For example, one of the products being pushed after the merger is the Objet 3 OrthoDesk, a 3-D printer for the orthodontic market. An orthodontist will be able to create models of a patient's teeth and then, using the printer, turn those into the specific dental applications that the patient needs. No more plaster molds that have to be turned into casts and then made by hand into braces, bridges, replacement teeth and other dental aids. The physical molds won't have to be stored, either, so that they can be retrieved for future work for the same patient. Now the information contained in the physical mold can be stored digitally.

A joint venture between a 3-D printer company like Stratasys and a 2-D printer company like Hewlett-Packard would seem a natural. After all, the established 2-D printer company has the sales channels and customer support to push a product like the Objet 30 -- or Stratasys Idea line of personal printers -- into the marketplace. The two companies thought so, too, and they formed a partnership that would do exactly that.

But they dissolved that effort relatively quickly for reasons that, to me, seem unclear. Stratasys has said only that the effort didn't work and that the two companies agreed to part ways.

My suspicion -- and that's really all it is at this point is that the two companies discovered that the early stage of development in the 3-D printer market didn't fit together all that well with the mature 2-D printer market. No one needs to explain to a customer how a 2-D printer works or to spend time persuading a business to make the leap of putting a 2-D printer on a desktop. Yet that is exactly what the 3-D market demands at this point; the potential 3-D printer customer needs convincing and hand-holding and semi-customization of the product to business needs.

Hewlett-Packard's marketing apparatus is admirably suited to selling the mature 2-D printer, but selling 3-D printers would require significant retooling of that marketing force. The Hewlett-Packard association with a 3-D printer would work to persuade hesitant customers, but only if those customers had a satisfying rather than frustrating experience with the Hewlett-Packard sales and support teams.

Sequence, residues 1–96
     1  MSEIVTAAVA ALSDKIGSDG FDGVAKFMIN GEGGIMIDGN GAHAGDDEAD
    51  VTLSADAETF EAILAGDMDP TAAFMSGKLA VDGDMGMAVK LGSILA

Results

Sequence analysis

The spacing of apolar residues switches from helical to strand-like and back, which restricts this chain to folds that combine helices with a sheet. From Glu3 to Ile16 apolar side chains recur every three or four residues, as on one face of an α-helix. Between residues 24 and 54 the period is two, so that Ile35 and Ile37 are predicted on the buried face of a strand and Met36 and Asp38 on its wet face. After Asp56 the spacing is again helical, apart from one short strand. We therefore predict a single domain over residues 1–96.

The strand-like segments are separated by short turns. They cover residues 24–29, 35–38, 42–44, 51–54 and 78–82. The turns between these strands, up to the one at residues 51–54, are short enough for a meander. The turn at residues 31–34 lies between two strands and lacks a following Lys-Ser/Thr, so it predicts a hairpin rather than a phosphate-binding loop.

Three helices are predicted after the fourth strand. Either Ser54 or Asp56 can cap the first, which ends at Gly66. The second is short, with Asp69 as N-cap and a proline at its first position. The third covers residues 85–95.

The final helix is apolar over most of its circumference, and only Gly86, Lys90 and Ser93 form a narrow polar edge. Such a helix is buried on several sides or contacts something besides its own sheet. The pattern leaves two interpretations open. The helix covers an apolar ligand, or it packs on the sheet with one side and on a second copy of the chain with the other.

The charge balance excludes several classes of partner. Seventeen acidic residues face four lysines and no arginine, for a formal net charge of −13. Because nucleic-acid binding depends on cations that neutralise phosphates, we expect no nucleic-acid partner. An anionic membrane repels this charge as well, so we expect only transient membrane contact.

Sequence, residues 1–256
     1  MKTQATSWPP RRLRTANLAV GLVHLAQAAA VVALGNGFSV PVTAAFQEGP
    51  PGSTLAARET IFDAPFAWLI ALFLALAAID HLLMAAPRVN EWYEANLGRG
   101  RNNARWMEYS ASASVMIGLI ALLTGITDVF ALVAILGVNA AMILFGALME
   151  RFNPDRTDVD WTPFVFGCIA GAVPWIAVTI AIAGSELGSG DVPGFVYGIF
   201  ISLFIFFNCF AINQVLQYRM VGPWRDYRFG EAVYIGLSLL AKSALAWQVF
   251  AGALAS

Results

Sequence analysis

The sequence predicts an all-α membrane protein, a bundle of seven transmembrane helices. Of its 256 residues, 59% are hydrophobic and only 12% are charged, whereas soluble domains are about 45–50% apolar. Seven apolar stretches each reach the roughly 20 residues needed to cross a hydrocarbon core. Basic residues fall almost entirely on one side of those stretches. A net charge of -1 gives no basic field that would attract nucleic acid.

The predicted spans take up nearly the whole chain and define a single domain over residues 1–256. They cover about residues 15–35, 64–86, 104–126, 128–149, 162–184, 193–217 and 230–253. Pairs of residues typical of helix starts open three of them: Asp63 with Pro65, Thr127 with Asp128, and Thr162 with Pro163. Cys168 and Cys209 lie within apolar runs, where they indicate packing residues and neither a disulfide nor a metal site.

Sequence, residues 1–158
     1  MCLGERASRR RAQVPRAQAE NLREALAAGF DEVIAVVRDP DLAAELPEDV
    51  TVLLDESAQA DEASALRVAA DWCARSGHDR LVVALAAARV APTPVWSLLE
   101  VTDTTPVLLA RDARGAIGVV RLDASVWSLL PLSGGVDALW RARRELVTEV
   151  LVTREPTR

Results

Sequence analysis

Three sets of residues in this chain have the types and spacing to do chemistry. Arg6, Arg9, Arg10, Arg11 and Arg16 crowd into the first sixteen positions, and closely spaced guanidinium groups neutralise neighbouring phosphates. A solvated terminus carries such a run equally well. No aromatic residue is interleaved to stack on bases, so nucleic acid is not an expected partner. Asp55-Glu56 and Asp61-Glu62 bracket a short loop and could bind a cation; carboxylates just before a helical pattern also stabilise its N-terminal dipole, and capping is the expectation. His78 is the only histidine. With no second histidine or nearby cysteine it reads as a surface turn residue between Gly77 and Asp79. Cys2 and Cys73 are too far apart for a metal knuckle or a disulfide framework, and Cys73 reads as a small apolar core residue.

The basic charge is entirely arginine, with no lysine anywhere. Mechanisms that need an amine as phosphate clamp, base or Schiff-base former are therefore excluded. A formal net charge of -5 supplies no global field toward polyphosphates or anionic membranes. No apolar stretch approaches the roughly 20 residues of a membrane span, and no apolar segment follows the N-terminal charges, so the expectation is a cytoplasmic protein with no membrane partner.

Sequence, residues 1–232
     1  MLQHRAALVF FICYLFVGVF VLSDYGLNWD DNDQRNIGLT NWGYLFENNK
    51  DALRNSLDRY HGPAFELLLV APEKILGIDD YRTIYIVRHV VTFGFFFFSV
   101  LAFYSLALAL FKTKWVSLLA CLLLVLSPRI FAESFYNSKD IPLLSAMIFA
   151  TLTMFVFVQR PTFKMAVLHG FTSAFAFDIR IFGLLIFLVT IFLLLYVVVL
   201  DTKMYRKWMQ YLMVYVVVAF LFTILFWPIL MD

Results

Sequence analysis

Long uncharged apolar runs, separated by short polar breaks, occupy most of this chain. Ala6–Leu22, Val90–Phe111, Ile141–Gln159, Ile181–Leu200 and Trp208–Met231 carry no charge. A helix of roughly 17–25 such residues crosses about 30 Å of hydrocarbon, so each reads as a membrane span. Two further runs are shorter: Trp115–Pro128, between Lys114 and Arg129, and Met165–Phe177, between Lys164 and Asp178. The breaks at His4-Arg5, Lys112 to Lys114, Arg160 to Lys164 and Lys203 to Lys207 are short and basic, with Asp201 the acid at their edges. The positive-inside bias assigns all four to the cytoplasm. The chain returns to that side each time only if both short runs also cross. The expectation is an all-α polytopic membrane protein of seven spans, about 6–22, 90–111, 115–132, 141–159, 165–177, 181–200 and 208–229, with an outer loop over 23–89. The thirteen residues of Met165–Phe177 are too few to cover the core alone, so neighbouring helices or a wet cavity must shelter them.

Youth and immaturity

ExOne: Forward P/E 56.3. Market cap $561 million. Q1 revenue $7.9 million. GAAP loss 20 cents a share. ExOne is so newly public and so young as a company that it's dangerous to draw conclusions about the company's exact focus. (ExOne would probably not have been able to go public at such an early stage except that the stock market success of Stratasys, and especially 3D Systems, created investor demand for more opportunities to invest in 3-D technology.)

But with that caveat, I'd say that the capabilities and higher unit price of the company's printers indicate a focus on the industrial prototyping and production end of the market. The example that I cited earlier -- the use of a 3-D printer to prototype new automobile engines and to produce components for high-pressure fuel injection systems -- is indicative of the company's market direction at this point in its life.

The very youth and immaturity of ExOne helps focus the key question about investing in 3-D printer companies. Certainly, 3D Systems has become a momentum-investing favorite; the stock's 108 price-to-earnings ratio reflects that. But considering how speculative projections of growth rates are and how uncertain the economics are -- for example, how much money will these companies need to raise to build the sales force required to advance them from their current near R&D stage? -- it's hard to come up with a way to put a fundamental value on any of these companies or to pick one as having come up with the winning approach to the developing 3-D printer market.

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The Chinese wild card

And then, of course, there's the Chinese wild card. The Chinese government and Chinese industry certainly aren't blind to the future of 3-D printing or its capacity to profoundly reorder the world's manufacturing economy.

There's ample evidence that China's government has targeted 3-D printing as a key future technology. For example, a Beijing University research team, working on 3-D production for aircraft parts, won a national award from the State Council for Technological Achievement in January.

Given how important this technology is likely to be and the extreme difficulty in calling a winner at this stage, I think investors have two choices.